Monthly Archives: March 2014

Silvereye

Zosterops lateralis

Another common bird that I’ve only recently identified in the backyard. The Silvereye gets it’s name from the distinct patch of white around it’s eyes. It’s a small bird, only 11cm – 13cm in length, it moves about quickly making it hard to spot and identify. Silvereye live on the coast and adjacent inland areas of almost all of the country, they’re also found throughout New Zealand and southwest Pacific islands including Lord Howe, Fiji and Vanuatu.

Silvereye in the garden

Sources and further reading

Birds in Backyards

Wikipedia

Atlas of Living Australia

New Holland Honeyeater

Phylidonyris novaehollandiae

Another ( former ) unknown bird in the yard. It’s a New Holland honeyeater, a not uncommon bird thats distribution stretches from the southern Queensland coast, all the way down the east coast, throughout Tasmania, then westwards following the mainland coast wrapping up a few hundred km north of Perth. They’re small birds reaching a maximum size of 20cm. This one was hard to photograph, it kept moving about, not staying still for long at all.

New Holland Honeyeater – in a tree in the front yard.

Sources and further info

Birds in Backyards

Wikipedia

Atlas of Living Australia

Saunder’s Case Moth Cocoon

This cocoon was on a post at the start of the Little Blue Gum Creek walk. It’s large, about 15cm long, with sticks woven into the sides. I remember seeing many like this when I was growing up but had never known what animal made them.

Saunder’s Case Moth Cocoon at the start of the Little Blue Gum Creek boardwalk.

A quick search pointed to it being a┬áSaunder’s Case Moth cocoon. During their caterpillar phase case moths make their cocoons out of silk, most species attach sticks, leaves or other debree as camouflage. Each species had a distinct type of cocoon, but they are also constrained by available materials so even within a single species cases can vary in materials and appearance.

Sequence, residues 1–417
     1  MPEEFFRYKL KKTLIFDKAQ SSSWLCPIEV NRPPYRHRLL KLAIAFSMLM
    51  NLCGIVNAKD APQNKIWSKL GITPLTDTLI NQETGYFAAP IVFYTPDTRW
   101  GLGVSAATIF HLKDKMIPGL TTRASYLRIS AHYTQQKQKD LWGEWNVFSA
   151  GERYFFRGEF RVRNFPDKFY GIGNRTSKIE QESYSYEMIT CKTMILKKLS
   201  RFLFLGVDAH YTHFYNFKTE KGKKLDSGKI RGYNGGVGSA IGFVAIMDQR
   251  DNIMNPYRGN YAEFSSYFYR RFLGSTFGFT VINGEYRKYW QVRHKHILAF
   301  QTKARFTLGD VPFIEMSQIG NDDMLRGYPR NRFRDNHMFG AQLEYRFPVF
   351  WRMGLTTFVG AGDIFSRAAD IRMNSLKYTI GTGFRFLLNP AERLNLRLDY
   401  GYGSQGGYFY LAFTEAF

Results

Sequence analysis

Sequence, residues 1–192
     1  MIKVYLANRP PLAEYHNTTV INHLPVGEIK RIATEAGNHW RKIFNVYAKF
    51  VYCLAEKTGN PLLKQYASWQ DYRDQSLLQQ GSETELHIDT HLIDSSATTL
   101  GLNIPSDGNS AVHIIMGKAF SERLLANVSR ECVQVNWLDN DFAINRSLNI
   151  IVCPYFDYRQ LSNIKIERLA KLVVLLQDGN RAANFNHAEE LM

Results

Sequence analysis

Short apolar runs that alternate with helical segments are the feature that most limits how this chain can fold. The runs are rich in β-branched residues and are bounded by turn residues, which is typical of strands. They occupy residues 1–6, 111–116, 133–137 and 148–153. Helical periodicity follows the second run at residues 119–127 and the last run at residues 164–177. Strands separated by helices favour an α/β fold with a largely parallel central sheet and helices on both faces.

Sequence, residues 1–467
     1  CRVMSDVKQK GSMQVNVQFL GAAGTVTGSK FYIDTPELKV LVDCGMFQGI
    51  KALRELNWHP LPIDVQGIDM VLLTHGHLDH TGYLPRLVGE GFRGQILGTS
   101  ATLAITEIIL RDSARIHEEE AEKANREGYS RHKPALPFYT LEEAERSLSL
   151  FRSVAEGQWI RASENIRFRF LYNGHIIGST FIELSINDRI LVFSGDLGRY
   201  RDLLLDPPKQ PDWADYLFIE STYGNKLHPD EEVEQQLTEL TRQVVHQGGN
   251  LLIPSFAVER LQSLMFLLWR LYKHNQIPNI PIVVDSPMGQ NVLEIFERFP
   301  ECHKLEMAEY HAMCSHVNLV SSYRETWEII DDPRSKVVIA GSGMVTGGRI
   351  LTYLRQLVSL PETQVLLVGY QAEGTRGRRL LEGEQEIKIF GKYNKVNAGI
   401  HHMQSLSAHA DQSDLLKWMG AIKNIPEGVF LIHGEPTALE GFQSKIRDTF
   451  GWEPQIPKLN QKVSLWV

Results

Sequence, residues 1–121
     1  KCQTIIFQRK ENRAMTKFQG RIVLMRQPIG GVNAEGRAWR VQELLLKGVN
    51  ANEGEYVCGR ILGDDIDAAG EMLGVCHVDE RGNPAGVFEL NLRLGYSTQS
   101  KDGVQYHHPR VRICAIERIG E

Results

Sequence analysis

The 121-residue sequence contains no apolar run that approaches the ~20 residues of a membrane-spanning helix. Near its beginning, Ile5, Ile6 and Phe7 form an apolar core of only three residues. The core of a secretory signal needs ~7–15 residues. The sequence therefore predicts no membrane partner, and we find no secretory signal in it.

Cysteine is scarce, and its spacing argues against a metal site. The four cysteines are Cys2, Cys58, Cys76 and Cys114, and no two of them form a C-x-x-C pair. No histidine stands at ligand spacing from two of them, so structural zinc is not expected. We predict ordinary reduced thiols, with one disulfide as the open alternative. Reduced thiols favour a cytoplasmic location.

Cocoon close up, I wonder how they break up the sticks.

Case moths don’t just use the cocoon to metamorphose, they live there throughout their Caterpillar phase which lasts 1 – 2 years. Even after changing to a moth the females continue to use it as a home.

Sources and more info:

Museum Victoria

Atlas of Living Australia

Wikipedia

Little Blue Gum Creek Boardwalk

I really enjoyed looking at the photos of the construction of Lady Game Drive, something that kept popping up in them was Little Blue Gum Creek. I must have driven down there a million time but I couldn’t place it.

Little Blue Gum Creek : Lane Cove National Park (1939 ?)

After a quick search I found were it is, and also that there is a short boardwalk through the bush at the creek. It’s nearby so in between rain showers last weekend we ducked down there with the kids to take a look.

There’s a small parking lot right out the front on the corner of Lady Game Drive and Grosvenor Rd. It’s a really nice little walk, raised boardwalk the whole way weaving through lush vegetation and what must be a grove of tall straight blue gums. Information plaques say the area is also home to a colony of microbats, there is a sculpture at the end of the walk that doubles as a bat refuge.

It really is a short walk, can’t have been longer than a few hundred meters. You can hop off the boardwalk at the end and continue along a narrow bush trail, I would have liked to have done it but it had started raining again while we were there so decided to leave that to next time.

The boardwalk at Little Blue Gum Creek, Lane Cove National Park
Blue Gum at Little Blue Gum Creek, Lane Cove National Park